The state’s first wind farm has been four years in the making and is expected to be online in 2022, generating power using winds high above rice fields in the Mississippi Delta. Between 60 and 90 massive wind turbines will be installed over approximately 13,000 acres of leased farm land after final permits are issued by Tunica County to Vestas, a Danish-based wind turbine company, with North American headquarters in Portland, OR, that’s investing $250 million into the project.
When it’s operational, the Delta wind farm will tap into an existing transmission line that runs through the area. “Power from the wind farm will instantly be integrated into the electrical grid and add the resiliency of the whole energy system.”said Elon Hasson, project manager for Vestas.
He said the company typically studies wind in an area for at least two years to determine how fast and when wind blows, day and night, year after year. The wind above the Tunica soybean and rice farmland turned out to be stronger at 125 meters and heavy enough to turn the large turbine blades.
Once all the permits are secured, construction will begin and take nine months or more to complete, depending on the Delta’s rainy season. The project is expected to create more between 150 and 250 jobs during the construction period, and more jobs will be impacted in the supply chain around the state. Work will include improving roads that farmers are already using on their land. The turbines and necessary infrastructure to access them, such as roads, will take up 1 to 3 percent of the leased area.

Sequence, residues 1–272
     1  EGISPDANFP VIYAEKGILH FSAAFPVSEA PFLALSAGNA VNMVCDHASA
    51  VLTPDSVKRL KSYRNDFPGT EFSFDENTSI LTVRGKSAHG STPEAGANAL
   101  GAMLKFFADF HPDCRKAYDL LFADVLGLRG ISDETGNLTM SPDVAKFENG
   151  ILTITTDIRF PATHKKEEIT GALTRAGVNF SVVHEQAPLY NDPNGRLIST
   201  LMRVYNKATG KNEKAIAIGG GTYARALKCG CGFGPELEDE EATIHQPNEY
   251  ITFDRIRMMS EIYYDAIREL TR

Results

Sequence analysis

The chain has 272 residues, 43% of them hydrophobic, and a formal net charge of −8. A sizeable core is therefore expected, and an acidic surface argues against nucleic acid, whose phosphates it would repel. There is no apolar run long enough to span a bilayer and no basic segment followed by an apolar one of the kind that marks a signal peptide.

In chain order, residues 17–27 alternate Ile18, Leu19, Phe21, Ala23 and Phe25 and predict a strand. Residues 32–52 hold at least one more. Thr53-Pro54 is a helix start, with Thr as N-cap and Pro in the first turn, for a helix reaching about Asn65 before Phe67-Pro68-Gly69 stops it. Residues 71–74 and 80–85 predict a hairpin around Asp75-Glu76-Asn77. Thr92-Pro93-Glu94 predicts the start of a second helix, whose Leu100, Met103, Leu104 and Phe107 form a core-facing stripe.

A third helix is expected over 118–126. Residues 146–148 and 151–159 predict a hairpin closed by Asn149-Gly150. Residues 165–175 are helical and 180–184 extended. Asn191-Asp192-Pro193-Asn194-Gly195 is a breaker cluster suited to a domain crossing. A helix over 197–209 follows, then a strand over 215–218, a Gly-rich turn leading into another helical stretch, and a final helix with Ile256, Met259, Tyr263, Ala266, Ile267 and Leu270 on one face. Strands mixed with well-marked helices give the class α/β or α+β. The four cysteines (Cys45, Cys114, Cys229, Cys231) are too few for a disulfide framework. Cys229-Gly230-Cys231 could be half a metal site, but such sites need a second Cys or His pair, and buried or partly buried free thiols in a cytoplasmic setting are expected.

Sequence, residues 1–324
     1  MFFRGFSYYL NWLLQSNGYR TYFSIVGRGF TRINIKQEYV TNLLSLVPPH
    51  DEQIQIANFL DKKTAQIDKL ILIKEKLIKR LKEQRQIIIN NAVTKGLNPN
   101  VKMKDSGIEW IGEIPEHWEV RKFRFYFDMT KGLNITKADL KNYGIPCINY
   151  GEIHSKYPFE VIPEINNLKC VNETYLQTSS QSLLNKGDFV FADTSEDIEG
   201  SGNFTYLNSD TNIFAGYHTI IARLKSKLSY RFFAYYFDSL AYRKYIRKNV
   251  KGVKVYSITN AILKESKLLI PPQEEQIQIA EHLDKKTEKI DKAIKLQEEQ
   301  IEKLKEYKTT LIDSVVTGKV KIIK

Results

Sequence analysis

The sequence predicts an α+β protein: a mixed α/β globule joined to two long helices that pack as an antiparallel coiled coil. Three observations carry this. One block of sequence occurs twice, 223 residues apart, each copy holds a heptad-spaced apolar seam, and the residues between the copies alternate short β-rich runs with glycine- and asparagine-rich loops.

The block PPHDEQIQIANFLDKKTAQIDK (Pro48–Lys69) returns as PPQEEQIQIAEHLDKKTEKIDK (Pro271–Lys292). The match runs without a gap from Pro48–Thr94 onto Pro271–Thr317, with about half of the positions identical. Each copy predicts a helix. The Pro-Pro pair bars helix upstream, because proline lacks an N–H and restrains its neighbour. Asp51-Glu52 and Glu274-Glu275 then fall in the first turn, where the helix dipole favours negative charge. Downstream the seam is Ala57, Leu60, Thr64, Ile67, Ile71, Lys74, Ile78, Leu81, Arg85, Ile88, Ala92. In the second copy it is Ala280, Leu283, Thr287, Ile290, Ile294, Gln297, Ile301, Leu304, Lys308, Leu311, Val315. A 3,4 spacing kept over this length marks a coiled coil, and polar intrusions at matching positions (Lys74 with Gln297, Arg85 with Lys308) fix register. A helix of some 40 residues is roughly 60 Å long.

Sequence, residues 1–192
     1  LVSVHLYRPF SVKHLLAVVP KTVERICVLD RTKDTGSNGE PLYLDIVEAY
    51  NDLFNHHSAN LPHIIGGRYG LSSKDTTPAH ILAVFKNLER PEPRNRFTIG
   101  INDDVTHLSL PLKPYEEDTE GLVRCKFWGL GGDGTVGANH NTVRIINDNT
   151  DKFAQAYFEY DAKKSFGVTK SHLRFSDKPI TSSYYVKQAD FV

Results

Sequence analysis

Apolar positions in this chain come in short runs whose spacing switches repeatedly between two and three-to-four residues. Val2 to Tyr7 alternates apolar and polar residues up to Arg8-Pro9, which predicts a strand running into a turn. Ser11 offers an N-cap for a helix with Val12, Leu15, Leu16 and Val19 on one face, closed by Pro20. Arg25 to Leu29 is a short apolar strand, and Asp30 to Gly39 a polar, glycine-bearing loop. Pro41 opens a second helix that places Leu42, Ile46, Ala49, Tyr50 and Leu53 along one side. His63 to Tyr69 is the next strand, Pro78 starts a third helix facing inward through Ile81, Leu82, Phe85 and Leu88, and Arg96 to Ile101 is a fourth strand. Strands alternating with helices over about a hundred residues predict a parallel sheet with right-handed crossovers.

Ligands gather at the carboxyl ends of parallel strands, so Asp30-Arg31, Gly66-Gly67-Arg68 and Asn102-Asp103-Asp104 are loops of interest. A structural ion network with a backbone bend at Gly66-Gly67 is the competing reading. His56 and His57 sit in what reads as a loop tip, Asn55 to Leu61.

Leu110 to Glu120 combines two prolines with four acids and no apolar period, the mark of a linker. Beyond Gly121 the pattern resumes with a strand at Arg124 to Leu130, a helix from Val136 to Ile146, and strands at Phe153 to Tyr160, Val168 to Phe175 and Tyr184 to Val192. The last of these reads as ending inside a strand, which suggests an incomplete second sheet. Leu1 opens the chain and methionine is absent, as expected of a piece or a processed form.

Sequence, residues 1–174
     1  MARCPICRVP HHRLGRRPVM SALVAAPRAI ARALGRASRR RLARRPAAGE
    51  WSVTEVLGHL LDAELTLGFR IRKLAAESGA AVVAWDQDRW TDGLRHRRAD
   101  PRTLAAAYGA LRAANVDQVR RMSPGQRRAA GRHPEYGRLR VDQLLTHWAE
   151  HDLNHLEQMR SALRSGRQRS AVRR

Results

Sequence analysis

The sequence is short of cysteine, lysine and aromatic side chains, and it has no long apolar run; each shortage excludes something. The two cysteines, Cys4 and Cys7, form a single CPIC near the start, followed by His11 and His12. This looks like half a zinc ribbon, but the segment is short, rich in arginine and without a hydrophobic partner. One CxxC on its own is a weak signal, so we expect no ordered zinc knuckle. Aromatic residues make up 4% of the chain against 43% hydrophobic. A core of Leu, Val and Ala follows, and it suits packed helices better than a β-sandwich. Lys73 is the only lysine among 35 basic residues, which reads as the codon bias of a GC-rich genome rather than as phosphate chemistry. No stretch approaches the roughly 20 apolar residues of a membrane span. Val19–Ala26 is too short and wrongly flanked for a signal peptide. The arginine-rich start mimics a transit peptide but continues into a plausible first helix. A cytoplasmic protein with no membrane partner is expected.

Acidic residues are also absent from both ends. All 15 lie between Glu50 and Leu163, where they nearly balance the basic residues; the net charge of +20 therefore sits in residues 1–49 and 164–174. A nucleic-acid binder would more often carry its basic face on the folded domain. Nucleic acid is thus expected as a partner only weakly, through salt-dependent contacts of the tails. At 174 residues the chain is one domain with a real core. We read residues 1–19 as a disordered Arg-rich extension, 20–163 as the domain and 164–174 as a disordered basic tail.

Hasson said wind farms like the one in Tunica County bring money into communities and don’t require the expense of such services as new schools or other government services. “We get to inject dollars into rural counties without taking any resources,” Hasson said. “From the farmers’ perspective this is a different stream of income that offers a lot more security.” The leases are for 25 years and can be extended.
Hasson said the Tunica project has room to expand and will serve as a model for more wind farms. “The goal is to figure out ways to capture wind energy in the Southeast and we hope this model can be replicated across the state,” he said.
Northern District Public Service Commissioner Brandon Presley said May 20 he expected permit approval for the Delta project in the next 30 days. The PSC is required to issue a permit to the wind farm even though it is a private enterprise and not a public utility.
Presley said the project could lead to more investments in wind farms for the state. “No one was thinking about Mississippi having any potential for generating electricity based on wind,” he said. “But according to their research, that potential does exist. The decision by a private enterprise shows where the potential is.”
|Wind Watch relies entirely
on User Funding